A revamped plan to guide the federal government in emergency response stresses aid to state and local agencies.
After four years of wrestling with the federal government’s unwieldy post-9-11 plan for response to disasters, state and local officials have a new document in hand they say will help prevent debacles like Hurricane Katrina in 2005.
The new National Response Framework (NRF) replaces 2004’s National Response Plan (NRP), an obtuse, acronym-laden document drafted in 2004 and revised two years later after the Katrina response, in which the NRP was faulted in part for government failures.
Both documents are intended to complement the National Incident Management System (NIMS), which provides state and local emergency managers a general “to do” list for preparedness, and more importantly sets a common, military-inspired template for command of disaster management, generally referred to as unified command.
The old, top-down NRP focused almost exclusively on the federal government and its roles and responsibilities. Not so of the new NRF. Reflecting the Department of Homeland Security’s (DHS) stated position that all disaster response is local, the NRF begins by emphasizing the need for close involvement of local, county, state, and tribal officials in disaster response, especially in preparedness.
The NRF does not include a failed concept first introduced in the NRP: the declaration of an Incident of National Significance. The designation issued by federal officials during or after a major incident, such as Katrina.
Nothing in the old NRP forbade federal agencies from stepping forward to act before the DHS secretary declared an Incident of National Significance, notes Tim Manning, director of the New Mexico Office of Homeland Security. Yet many federal officials assumed that they couldn’t, or shouldn’t, give help to state or local agencies until the declaration was issued, says Manning, who also serves as chairman of the National Emergency Management Association’s Homeland Security Committee.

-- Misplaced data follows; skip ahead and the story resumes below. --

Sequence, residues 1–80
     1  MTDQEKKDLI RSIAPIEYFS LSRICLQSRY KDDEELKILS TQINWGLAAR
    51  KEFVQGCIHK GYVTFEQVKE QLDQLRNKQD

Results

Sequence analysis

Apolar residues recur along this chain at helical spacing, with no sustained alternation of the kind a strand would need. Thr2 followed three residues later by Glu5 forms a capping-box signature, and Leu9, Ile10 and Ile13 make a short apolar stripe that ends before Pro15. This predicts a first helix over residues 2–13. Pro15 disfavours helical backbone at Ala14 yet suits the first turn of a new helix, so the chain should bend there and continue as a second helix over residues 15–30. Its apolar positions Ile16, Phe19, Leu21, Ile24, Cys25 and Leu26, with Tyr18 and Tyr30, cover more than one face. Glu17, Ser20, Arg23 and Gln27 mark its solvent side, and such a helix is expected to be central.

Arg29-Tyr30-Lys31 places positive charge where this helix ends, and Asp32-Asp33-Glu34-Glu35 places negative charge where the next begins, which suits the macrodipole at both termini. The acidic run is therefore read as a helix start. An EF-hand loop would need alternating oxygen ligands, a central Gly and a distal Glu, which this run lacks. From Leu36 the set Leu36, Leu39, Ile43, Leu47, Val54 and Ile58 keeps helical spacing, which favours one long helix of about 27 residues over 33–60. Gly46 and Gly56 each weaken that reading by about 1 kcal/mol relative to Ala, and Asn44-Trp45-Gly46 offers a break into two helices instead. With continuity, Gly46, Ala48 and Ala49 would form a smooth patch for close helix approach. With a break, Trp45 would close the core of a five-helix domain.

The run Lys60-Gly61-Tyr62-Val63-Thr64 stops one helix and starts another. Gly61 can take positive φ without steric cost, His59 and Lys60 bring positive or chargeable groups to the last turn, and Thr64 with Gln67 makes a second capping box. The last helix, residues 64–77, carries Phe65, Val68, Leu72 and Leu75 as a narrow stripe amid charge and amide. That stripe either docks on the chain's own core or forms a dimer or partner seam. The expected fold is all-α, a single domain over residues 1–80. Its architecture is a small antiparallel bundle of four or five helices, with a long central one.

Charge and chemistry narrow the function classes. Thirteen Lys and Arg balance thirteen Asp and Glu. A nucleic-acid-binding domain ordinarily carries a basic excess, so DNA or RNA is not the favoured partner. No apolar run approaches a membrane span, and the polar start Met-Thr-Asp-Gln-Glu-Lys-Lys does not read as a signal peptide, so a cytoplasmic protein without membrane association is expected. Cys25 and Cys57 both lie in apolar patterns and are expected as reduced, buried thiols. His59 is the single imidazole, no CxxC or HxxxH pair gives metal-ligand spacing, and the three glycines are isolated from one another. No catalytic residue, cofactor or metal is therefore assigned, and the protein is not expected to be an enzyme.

The new NRF does not replace the designation; instead, it presumes that federal agencies will “lean forward” to provide whatever assistance is needed, as it’s needed, with or without orders from above.
In releasing the new document, Homeland Security Secretary Michael Chertoff has said that the NRF emphasizes local roles in emergency management and seeks to ensure that scalable federal resources stand ready for use as soon as they are needed.
Chertoff has also emphasized that the new NRF is a “living document” that will be open to regular revision as deemed necessary by its steward, the Federal Emergency Management Agency (FEMA), and state and local stakeholders.
DHS offers a Web site where those interested can read documents related to the NIMS, the NRF, and other related agencies. The site also provides the opportunity to submit comments. Further, FEMA’s new National Advisory Council (See “New Council to Help FEMA,” Homeland Security, October 2007), composed of selected state and local emergency management officials, will provide regular and direct advice to senior agency officials including FEMA’s director.